Attempted Murder Suspect Represented by Attorney Kerry Armstrong Acquitted of Charges

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Despite having video surveillance, possession of knives, and suspicious Internet search activity presented against him, a man represented by Attorney Kerry Armstrong—of the Law Offices of Kerry L. Armstrong, APLC—was acquitted of all charges in attempted murder and assault case.

San Diego Criminal Defense Attorney

San Diego Criminal Defense Lawyer

A 29-year-old man who was represented by San Diego criminal defense attorney Kerry Armstrong was recently acquitted of charges for premeditated murder and assault with a knife causing great bodily injury, despite extensive evidence presented by prosecutors against the man in court. Mr. Armstrong’s client was accused of stabbing a woman six times, including twice in the head and once in the chest. The trial (Case No. SCD240344; People v. Justin Wadell) was held in San Diego Superior Court in San Diego, Calif., and was heard by Judge Joan Weber.

According to Case No. CD240344; People v. Justin Wadell, the person claiming to be the victim was a 43-year-old transient woman who lives in San Diego. The woman claimed that Mr. Armstrong’s client drove up to her on Jan. 13 around 12:15 a.m. and told her he was depressed and needed to talk to someone. According to her account of the situation, they talked briefly and then she asked him for cigarettes. After he agreed to buy them for her, she allegedly saw him walk to a nearby Auto Mart, enter it, and then return. He then allegedly gave the woman three cigarettes, talked to her for a few minutes, and then started stabbing her all over her body.

According to the court documents, the woman’s injuries were very serious—she had to have a portion of her lung removed, and the stab wounds to her head penetrated her skull. A doctor said he did not expect the woman to survive through the day of the incident. The woman provided a statement to a detective three days after the stabbing, and various steps were taken that led to the arrest of Mr. Armstrong’s client. Video surveillance of the Auto Mart was used to find a suspect who fit the woman’s description, who she later identified through still photos from the footage. The detective used gasoline purchase records and bank records to further identify the suspect. As a result, Mr. Armstrong’s client was arrested in April 2012. It was found that he had purchased cigarettes (the same brand mentioned in the woman’s account of the crime) at the store about an hour prior to the stabbing.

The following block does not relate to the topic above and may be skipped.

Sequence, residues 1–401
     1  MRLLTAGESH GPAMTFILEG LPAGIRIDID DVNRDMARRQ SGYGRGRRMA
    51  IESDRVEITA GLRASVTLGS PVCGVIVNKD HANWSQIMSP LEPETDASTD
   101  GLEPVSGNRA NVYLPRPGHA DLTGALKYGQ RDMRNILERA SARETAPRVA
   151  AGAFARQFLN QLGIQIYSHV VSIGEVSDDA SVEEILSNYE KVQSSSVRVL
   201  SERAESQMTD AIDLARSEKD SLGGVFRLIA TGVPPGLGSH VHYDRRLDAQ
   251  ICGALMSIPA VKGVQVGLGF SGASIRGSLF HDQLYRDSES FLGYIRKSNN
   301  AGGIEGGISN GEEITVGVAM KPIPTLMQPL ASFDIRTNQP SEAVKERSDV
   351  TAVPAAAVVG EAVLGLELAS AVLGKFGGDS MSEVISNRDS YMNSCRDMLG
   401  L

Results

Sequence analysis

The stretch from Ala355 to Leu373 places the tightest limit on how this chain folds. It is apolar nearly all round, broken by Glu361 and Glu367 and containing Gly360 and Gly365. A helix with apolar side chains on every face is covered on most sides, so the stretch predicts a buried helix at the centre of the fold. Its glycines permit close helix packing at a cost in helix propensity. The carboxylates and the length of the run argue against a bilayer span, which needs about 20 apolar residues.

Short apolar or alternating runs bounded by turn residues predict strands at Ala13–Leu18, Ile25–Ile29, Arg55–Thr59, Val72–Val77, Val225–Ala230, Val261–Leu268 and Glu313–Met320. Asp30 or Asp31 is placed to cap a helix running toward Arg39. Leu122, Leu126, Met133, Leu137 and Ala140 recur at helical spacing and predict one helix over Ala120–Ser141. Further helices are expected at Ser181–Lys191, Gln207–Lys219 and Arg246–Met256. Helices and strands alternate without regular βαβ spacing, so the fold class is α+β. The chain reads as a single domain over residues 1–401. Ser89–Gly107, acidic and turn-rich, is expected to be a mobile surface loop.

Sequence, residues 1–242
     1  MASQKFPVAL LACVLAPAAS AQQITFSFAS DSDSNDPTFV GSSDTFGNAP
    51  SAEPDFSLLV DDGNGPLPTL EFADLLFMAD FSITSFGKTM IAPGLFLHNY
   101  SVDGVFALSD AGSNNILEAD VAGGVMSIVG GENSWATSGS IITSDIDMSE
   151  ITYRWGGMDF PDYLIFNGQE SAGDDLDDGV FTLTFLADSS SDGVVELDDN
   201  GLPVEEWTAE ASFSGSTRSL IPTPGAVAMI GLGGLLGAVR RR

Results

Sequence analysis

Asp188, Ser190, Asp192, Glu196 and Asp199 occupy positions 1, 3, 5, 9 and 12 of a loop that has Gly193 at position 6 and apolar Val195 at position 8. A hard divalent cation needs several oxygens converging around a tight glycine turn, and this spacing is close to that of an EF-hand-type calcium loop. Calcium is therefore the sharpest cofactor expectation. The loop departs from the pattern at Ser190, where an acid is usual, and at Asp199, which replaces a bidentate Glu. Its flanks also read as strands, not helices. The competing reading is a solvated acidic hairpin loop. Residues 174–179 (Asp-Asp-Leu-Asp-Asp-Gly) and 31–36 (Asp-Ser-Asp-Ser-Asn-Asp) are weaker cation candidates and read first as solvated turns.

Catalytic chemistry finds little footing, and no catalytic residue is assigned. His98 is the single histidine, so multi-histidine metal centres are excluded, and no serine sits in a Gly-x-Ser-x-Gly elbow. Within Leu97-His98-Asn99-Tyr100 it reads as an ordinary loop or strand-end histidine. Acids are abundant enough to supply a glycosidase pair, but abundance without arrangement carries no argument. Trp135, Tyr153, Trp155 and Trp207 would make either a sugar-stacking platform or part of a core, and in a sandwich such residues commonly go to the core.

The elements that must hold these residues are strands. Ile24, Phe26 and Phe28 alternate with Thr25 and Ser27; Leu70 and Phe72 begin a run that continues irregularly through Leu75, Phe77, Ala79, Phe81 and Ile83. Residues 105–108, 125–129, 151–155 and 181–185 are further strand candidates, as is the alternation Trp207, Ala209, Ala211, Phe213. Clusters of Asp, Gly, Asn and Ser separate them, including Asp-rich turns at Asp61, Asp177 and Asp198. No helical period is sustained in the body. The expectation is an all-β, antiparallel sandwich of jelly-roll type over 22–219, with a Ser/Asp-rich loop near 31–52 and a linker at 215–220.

There were various pieces of evidence that was used against Mr. Armstrong’s client, according to the court documents of the case People v. Justin Wadell. Law-enforcement officers ended up finding at least 17 non-kitchen knives in the man’s apartment. He also had a photo on his iPhone of seven knives lined up from longest to shortest, and searches of his laptop showed that he had done searches of the terms “homeless stabbing,” “serial killers,” “Dexter” and “how to hold a knife in a fight.” Other information presented against the defendant included confirmation that he was indeed depressed at the time of the stabbing, as well as discovery of his poetry that related to depression and knife usage.

While all these facts appeared to create a strong case against Mr. Armstrong’s client, the court documents showed that there was also evidence that brought the transient woman’s credibility into question. The woman ended up admitting to injecting drugs for more than 10 years. While she had testified at the trial’s preliminary hearing that she had not used drugs during the six months that came before the stabbing, it was discovered that she tested positive for methamphetamine on the night that the stabbing occurred. She had also been arrested 18 days before the trial began for being under the influence of drugs. During both the preliminary hearing and trial, the woman testified that methamphetamine made her “smarter” and gave her a “better memory.”

While the odds might have seemed stacked against Mr. Armstrong’s client, the attorney was still able to provide a strong line of defense for the accused individual. The jury ended up pronouncing the defendant not guilty of all charges after six hour hours of deliberation.

Mr. Armstrong is a highly experienced lawyer who has the skill and experienced to efficiently handle even the most difficult and complex of criminal cases. He has handled hundreds of felony and misdemeanor cases throughout California. More information about the attorney and his firm is available at

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